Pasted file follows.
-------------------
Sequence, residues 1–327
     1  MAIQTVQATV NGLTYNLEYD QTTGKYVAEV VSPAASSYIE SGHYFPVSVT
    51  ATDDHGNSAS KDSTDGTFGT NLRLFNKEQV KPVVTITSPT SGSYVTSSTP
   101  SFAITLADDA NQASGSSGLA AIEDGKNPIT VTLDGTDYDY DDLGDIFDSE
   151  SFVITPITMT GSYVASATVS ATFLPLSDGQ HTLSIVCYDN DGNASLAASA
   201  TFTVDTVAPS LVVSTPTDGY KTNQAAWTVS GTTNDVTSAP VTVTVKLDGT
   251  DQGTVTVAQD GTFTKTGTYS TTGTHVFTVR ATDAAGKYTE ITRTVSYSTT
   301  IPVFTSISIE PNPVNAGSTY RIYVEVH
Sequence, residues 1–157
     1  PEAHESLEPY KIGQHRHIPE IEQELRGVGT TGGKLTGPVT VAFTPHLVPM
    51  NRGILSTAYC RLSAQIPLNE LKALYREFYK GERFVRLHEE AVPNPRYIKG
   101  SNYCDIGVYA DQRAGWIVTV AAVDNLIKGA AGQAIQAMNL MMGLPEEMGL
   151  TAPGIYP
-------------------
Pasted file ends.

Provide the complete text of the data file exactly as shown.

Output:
Sequence, residues 1–327
     1  MAIQTVQATV NGLTYNLEYD QTTGKYVAEV VSPAASSYIE SGHYFPVSVT
    51  ATDDHGNSAS KDSTDGTFGT NLRLFNKEQV KPVVTITSPT SGSYVTSSTP
   101  SFAITLADDA NQASGSSGLA AIEDGKNPIT VTLDGTDYDY DDLGDIFDSE
   151  SFVITPITMT GSYVASATVS ATFLPLSDGQ HTLSIVCYDN DGNASLAASA
   201  TFTVDTVAPS LVVSTPTDGY KTNQAAWTVS GTTNDVTSAP VTVTVKLDGT
   251  DQGTVTVAQD GTFTKTGTYS TTGTHVFTVR ATDAAGKYTE ITRTVSYSTT
   301  IPVFTSISIE PNPVNAGSTY RIYVEVH
Sequence, residues 1–157
     1  PEAHESLEPY KIGQHRHIPE IEQELRGVGT TGGKLTGPVT VAFTPHLVPM
    51  NRGILSTAYC RLSAQIPLNE LKALYREFYK GERFVRLHEE AVPNPRYIKG
   101  SNYCDIGVYA DQRAGWIVTV AAVDNLIKGA AGQAIQAMNL MMGLPEEMGL
   151  TAPGIYP